John Perry, Co-Founder, Clean & Sober Recovery Services, Inc.

The Professional’s Perspective: Why do people become addicted?

Photo of Ricki TownsendThis is a guest post from Ricki Townsend , a Registered Interventionist, Drug/Alcohol Counselor, Ncac1, CADC-CAS, Bri-1, Chaplain and Grief Recovery Specialist

It’s important to understand that those who become chemically-dependent upon alcohol or other drugs had more vulnerable brains than the “Average Joe” before they even began drinking or using. In my practice, I am often aware that some or all of these factors are playing a part in the development of substance use or abuse:

  • Genetics: People who have a strong history of family substance use disorder often share the same genetic vulnerability to addiction as their family members.
  • Trauma: The ACE study demonstrated that children who are exposed to trauma (e.g., poverty, violence, disease) are more likely to develop 40-plus chronic diseases – including substance use disorder – than those who weren’t exposed to trauma. This is because early childhood trauma fundamentally changes the way the brain works structurally, hormonally and in other ways. For this reason, I prefer to use the term “addictive neurology” rather than “addictive personality.” Viewing substance use disorder through this lens often helps families find forgiveness for their loved one’s transgressions. Leaving blame behind can help point the whole family in the direction of healing and recovery.
  • Mental health issues: People who experience mental health issues like depression, anxiety disorder or bi-polar disorder may find that self-medication Brightens their day, gives them confidence or stabilizes their moods. Essentially, they become dependent upon drugs or alcohol to feel “normal.”
  • Environment: parents who drink irresponsibly or abuse drugs, family anger and shaming, bullying in school, peer pressure to “party”…I’ve seen all of these take their toll. The home environment is particularly critical. Consider the home where a child is raised in a loving, firm and watchful way, where communication is valued and mental health issues are noted and cared for. That child will face life’s challenges with life skills, support and guidance. Contrast this scenario with the child who is raised with guilt or shame – or not even noticed – and whose parents mask their own problems with drugs or alcohol. That child is more likely to self-medicate and navigate life with drugs or alcohol as the rudder.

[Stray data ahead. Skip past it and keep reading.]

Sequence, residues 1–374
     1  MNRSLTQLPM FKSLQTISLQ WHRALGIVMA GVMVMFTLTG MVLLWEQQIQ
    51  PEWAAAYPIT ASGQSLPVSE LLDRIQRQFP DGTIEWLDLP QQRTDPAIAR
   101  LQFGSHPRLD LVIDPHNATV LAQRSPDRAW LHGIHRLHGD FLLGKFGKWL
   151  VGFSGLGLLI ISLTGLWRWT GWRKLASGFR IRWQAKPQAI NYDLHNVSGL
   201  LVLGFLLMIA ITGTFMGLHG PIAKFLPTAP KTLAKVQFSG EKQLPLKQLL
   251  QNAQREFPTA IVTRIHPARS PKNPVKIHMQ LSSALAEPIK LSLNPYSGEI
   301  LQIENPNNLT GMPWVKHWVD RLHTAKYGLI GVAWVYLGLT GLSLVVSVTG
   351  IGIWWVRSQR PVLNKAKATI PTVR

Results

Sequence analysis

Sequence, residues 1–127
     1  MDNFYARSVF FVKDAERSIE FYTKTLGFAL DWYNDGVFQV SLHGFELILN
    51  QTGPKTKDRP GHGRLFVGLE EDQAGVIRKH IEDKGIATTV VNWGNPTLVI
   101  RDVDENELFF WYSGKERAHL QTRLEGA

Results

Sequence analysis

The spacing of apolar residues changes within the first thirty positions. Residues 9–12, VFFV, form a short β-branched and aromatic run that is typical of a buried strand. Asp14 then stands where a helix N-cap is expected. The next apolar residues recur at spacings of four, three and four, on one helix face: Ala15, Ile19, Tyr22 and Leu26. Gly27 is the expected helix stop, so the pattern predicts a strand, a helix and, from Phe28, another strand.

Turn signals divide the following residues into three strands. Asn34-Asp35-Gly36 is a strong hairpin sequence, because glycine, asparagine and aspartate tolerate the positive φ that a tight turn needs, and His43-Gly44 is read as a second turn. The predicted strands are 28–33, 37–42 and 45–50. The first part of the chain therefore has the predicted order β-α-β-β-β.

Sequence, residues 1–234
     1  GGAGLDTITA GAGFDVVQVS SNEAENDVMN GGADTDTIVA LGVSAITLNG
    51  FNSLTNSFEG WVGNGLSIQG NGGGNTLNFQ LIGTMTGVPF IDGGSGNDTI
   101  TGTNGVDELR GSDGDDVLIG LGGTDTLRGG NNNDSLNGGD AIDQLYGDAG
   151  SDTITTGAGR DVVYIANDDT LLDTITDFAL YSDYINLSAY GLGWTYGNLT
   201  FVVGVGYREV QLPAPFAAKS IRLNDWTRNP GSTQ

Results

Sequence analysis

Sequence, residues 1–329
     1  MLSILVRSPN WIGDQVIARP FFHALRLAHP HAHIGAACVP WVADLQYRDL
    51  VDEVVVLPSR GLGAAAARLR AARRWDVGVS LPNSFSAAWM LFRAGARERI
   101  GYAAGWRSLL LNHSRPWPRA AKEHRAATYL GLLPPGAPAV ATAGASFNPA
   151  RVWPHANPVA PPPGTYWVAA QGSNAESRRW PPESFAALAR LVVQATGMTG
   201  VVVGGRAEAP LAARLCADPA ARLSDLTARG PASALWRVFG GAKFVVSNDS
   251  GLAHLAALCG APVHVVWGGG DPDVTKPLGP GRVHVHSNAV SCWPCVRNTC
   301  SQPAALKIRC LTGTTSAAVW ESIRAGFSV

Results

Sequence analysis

As we know, life is not a straight line, and a person can take many different paths. Let’s all make wise, healthy and informed choices along the way.

 

Sunday Inspiration for Parents of Addicts and Alcoholics

Do you see the angel in the clouds?

You don’t get a Get Out of Jail Free card just because addiction is a disease

1254880_shiny_brain_[1]I understand that addiction/alcoholism is a brain disease, but that doesn’t let my beloved addict off the hook or give him excuses like, “I can’t help it!  I’ve got a disease.”  And it doesn’t give me an out either.  If I think, “He can’t help it!  He’s got a disease,” then I am giving him a Get Out of Jail Free card.  I am giving him a reason to keep abusing drugs or alcohol.  I am enabling his  self-destruction, pure and simple.

Yes, my child has a disease, one that he needs to manage as he would diabetes or cancer or heart disease. Here are the rules of the game for those with impaired hearts or bad pancreases or chemically-dependent brains: keep away from the things that are bad for you.  Avoid sugar or fatty meat or – for the chemically dependent – any mood altering substance.  Pot, crack, alcohol, pain pills; these are all the same to the diseased addict/alcoholic brain.  Addicted to one means addicted to all.

As an aside:  I know many parents think, “It’s just pot!  How bad can that be?”  I was one of those naïve parents.  I didn’t know that pot had eight times the THC as in years gone by, or that it was causing psychosis among some users. I didn’t know there were more kids in rehab for pot than for all other drugs combined.  And today’s national landscape makes the picture even murkier: if pot is so dangerous, why is it being legally sold around the country?  That’s a mixed and confusing message for teens and adults alike.

My personal mantra for parental recovery is, “Give your beloved addicts a reason to change.”  The flip side to that is, “Don’t give them an excuse to use.” Don’t let them play the disease card.  Hold them accountable for the choices they make.  We can’t stop them from putting their hand to their mouth or a needle in their arm.  But we can stop making up excuses for them.

The Professional’s Perspective: Who relapses, and why?

Photo of Ricki TownsendThe Professional’s Perspective is a guest post from Ricki Townsend, a Registered Interventionist, Drug/Alcohol Counselor, Ncac1, CADC-CAS, Bri-1, Chaplain and Grief Recovery Specialist